Levels of competence and risk groups

In order to give the numerical results a clear meaning, the consortium arbitrarily divides the point scale into six "competence levels" and one level below that of absolute incompetence. Based on the tasks to be solved at a level, a verbal description of what students can typically do at a certain level is worked out. It should be noted that the proportion of pupils at a certain level in the OECD average is constant because the structure of the difficulty and performance scales is determined by the structure. Only the mostly minor differences between states can be interpreted.

Students “below” level 1 are internationally referred to as “at risk”. However, the German project management expanded the term “risk group” and included level 1 in it. This was shortened in parts of the public and, in contrast to statements in international reports, received as if almost a quarter of all fifteen-year-olds were not able to calculate and read meaningfully.

Influence of social background

After the two-hour test session to measure cognitive performance, the students work on a questionnaire with questions about family background, the school environment, learning habits and the like. The official result reports and numerous secondary studies show how these context variables affect cognitive test performance.

In PISA 2000 it was found that the connection between test results and parental occupation is stronger in Germany than anywhere else. However, this result was not replicated in the following rounds; the strongest correlation was found in Hungary in 2003 and in the Czech Republic in 2006. The German parameters (quantile differences, gradients and correlation coefficients of the test performance as a function of an occupational classification or a socio-economic-cultural index) were predominantly in the upper part of a broad middle field; some of the deviations from the OECD average were statistically insignificant.

These evaluations are based on different social indices, some of which only take into account the parents' occupation, some also take into account their educational qualifications and the level of cultural possessions in the household. There is disagreement between the German consortium and the international project management about the appropriate quantification of social background; In the German report on PISA 2006, a different index is used throughout than in the international report.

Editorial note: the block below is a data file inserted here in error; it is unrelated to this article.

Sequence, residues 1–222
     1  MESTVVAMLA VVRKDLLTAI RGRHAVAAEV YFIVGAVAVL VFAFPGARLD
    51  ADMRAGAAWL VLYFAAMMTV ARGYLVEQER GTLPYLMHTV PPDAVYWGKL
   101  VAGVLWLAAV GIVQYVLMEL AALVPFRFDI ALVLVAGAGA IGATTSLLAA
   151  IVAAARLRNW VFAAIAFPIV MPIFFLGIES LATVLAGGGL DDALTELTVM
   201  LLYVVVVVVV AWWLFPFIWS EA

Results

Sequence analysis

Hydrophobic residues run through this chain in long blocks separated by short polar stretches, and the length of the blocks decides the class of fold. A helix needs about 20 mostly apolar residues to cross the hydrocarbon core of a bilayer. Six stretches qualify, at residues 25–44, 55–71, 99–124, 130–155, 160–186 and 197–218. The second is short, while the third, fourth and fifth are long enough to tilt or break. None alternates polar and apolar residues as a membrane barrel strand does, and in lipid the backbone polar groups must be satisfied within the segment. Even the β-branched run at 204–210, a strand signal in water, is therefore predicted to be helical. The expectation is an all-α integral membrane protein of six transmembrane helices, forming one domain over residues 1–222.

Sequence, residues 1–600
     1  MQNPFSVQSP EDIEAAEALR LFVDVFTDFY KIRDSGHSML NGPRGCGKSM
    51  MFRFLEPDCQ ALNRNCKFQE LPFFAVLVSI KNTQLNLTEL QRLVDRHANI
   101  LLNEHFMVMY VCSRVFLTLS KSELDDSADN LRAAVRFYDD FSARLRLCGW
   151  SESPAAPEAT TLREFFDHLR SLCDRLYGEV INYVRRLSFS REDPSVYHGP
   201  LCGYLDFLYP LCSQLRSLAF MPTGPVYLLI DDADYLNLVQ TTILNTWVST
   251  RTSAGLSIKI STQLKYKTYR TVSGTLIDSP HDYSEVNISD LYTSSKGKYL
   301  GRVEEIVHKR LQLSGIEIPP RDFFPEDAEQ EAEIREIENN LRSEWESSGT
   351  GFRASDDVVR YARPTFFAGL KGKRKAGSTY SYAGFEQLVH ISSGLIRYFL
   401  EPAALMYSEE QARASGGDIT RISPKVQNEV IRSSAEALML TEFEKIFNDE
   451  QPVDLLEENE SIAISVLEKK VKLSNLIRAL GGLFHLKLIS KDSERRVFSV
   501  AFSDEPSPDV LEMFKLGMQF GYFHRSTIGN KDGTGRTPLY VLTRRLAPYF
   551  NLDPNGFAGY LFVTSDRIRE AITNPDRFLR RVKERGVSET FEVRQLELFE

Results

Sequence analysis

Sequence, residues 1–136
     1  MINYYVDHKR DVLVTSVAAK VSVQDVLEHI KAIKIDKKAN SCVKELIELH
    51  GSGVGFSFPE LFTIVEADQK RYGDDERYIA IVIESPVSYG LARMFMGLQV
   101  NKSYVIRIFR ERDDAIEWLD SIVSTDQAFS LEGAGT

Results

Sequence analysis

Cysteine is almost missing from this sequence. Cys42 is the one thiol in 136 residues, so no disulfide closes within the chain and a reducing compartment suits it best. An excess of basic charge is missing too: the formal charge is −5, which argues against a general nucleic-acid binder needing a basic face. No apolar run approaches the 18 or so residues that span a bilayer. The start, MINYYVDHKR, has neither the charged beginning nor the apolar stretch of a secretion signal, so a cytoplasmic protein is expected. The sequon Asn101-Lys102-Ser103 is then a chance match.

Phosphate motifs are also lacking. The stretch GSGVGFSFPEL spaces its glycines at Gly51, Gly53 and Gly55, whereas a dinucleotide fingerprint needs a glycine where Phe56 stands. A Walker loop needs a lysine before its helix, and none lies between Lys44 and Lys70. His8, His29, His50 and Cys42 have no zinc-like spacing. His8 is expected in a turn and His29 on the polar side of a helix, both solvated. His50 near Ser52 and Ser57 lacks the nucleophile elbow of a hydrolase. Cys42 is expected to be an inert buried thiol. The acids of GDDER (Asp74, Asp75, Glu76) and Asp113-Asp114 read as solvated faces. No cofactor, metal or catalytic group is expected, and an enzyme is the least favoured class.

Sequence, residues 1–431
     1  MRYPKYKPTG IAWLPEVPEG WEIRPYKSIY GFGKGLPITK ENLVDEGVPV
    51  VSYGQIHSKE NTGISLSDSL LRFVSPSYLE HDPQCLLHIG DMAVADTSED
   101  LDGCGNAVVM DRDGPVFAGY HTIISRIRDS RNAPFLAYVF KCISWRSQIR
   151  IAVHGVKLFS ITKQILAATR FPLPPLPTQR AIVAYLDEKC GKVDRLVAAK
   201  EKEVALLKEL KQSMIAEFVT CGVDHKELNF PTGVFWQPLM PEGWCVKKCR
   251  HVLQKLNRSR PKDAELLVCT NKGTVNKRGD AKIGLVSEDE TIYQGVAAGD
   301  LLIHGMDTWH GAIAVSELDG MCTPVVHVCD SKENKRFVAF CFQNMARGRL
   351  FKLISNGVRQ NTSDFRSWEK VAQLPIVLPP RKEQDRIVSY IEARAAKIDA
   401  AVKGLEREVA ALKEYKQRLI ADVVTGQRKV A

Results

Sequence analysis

Another example of data interpretation is that social status and immigrant background are highly correlated. The data alone do not say to what extent the poor performance of migrant children can be attributed to their below-average social situation or, for example, to their inadequate linguistic integration .

In Germany it is surprising that immigrants of the first generation (454 points, mathematics achievement 2003) do on average better than children born in the country of immigrant parents (second generation, 432 points); Non-immigrant students: 525 (OECD-wide comparables in the same order: 475, 483, 523). From this it was partly concluded that children of the second generation generally performed worse in Germany than children of the first generation. However, the further breakdown explained this paradoxical result by the fact that the proportions of the most important countries of origin within the children of the first and second generation are significantly different (e.g. larger proportion of young people from Turkey within the second generation; cf. the explanations to students with a migration background ). In the same country of origin, the results of the second generation are consistently better than those of the first.

The poor performance of Turkish young people is a quantitatively significant problem (mathematics performance 2003: first generation 382, ​​second generation 411). Surprisingly, students with a migrant background performed slightly better on language-heavy tasks than on relatively language-free tasks; the reasons for this are unclear.

Gender-specific performance divergences